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Doing good through fine dining
Posted By Rachel Neiman On May 17, 2009 @ 12:00 am In | No Comments
A unique Tel Aviv eatery offers diners fine cuisine while at the same time providing at-risk youths with culinary vocational training.
Gourmet restaurant Lilit is filled with surprises – not all of them culinary. Located in Asia House, a luxury office building adjacent to Tel Aviv’s art museum and opera house, Lilit’s high-class clientele may not be aware of it, but they are participating in one of the city’s most successful social welfare projects and now, hopefully — with the help of a few dedicated businesspeople — one of its most successful social entrepreneurships.
“Lilit is a business with a heart,” says venture-capitalist-turned-social-entrepreneur Allan (Hanoch) Barkat, who explains that the restaurant offers fine kosher cuisine while at the same time providing at-risk youths with the opportunity to acquire vocational training in the culinary world.
The restaurant kitchen team includes 15 young people who are finding their way into society through job training, guidance counseling and 6-18 months of steady employment.
Lilit was founded in 1993 by Keren Hendler-Kremerman whose family donated the restaurant to non-profit organization ELEM – Youth in Distress in Israel in 2001.
After seven years and 70 graduates to its credit, ELEM made the strategic decision to hand the business side of Lilit over to professionals. “And this is a very good model,” says Efrat Shafrut, head of resource development at ELEM.
ELEM found social entrepreneur Assaf Blank, now CEO of Lilit, who brought Barkat and Nadav Berger on board – the two knew one another from the Kellogg-Recanati International Executive MBA Program at Tel Aviv University.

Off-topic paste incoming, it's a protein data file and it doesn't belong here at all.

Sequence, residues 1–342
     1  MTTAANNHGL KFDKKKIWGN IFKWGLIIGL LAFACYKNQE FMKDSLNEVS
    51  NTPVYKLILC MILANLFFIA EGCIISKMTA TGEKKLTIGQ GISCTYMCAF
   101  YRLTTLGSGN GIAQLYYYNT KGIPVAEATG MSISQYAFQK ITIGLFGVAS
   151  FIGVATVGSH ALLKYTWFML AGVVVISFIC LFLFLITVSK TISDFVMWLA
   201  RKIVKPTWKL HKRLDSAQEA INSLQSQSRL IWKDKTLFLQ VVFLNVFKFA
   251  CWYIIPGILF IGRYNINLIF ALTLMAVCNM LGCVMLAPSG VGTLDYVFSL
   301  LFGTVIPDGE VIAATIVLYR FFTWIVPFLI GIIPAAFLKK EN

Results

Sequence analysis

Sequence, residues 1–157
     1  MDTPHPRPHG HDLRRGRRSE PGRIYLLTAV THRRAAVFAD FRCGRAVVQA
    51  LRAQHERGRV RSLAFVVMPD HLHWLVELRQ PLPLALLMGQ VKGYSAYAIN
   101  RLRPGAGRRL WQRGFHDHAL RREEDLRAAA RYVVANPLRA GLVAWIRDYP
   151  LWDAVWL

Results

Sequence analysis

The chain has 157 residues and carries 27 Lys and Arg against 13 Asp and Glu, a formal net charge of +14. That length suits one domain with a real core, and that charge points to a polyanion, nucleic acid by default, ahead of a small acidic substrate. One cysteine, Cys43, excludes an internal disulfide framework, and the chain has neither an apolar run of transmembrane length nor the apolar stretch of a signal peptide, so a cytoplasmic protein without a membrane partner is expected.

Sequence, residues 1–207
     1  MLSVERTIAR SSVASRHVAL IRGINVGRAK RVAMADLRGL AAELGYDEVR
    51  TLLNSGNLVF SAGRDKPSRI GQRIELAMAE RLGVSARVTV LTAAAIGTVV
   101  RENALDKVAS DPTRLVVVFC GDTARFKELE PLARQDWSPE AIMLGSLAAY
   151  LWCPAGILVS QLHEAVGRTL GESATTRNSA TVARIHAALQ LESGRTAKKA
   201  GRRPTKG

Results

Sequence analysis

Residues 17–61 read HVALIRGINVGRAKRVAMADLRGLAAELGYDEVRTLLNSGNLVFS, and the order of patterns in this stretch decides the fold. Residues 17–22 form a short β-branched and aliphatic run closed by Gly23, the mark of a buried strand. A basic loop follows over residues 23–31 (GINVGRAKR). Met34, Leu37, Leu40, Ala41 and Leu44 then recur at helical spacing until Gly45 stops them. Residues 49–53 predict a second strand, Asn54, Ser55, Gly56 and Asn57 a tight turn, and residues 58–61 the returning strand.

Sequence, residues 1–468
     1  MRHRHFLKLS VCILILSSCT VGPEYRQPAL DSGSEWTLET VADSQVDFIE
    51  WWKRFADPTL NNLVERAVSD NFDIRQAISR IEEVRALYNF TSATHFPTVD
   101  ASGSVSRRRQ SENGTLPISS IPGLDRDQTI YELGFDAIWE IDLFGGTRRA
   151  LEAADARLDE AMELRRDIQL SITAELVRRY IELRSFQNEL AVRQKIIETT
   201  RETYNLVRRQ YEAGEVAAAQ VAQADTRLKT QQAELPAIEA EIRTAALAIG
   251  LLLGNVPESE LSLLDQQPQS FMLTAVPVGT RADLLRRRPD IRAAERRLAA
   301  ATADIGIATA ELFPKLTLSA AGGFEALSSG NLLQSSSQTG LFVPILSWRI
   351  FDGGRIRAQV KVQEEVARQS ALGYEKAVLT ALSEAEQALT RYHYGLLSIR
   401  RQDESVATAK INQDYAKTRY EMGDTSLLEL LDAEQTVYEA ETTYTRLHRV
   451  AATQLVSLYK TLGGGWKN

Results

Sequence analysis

In January of this year, the partners officially took over the business and began raising its profile, starting with an upgrade of the already elegant space.
Founding father of VC industry turns to social welfare
Toronto-born Barkat came to the project after an illustrious career as one of the Israeli venture capital industry’s founding fathers. He joined Apax Partners in 1995 and headed the office in Israel, specializing in investments in telecom equipment and semiconductors.
Starting with the Apax Leumi fund and follow-on fund Apax Israel II, he led investments in the Nasdaq traded companies, FundTech, Commtouch, and Ceragon Networks, as well as Ezchip, GWS Photonics, Foxcom Wireless and others, and chaired the NESS loan fund for small businesses in the Negev, a New Jersey-Israel initiative.
Barkat’s achievements led Israel’s financial daily, Globes, to state in a 2001 industry review, “If it weren’t for [Barkat], investments of foreign funds in Israel would be smaller than they are by dozens of percentage points.”
Since leaving Apax Partners three years ago, Barkat has been combining his business experience with social entrepreneurship through a new social venture fund, Dualis.
“I have come to the belief that there is an opportunity to encourage social entrepreneurs to build social businesses on a for-profit basis,” he tells ISRAEL21c. “To this end I have decided to invest and back several ventures of this nature, starting with Lilit.
“With the change of ownership, our challenge is to introduce business practices, sustainability, strengthening and broadening the customer base,” he explains. “This will enable us to prove the business model, profitability and expand to new locations across the country; enabling more teenagers to benefit from the special opportunity this program provides them and society.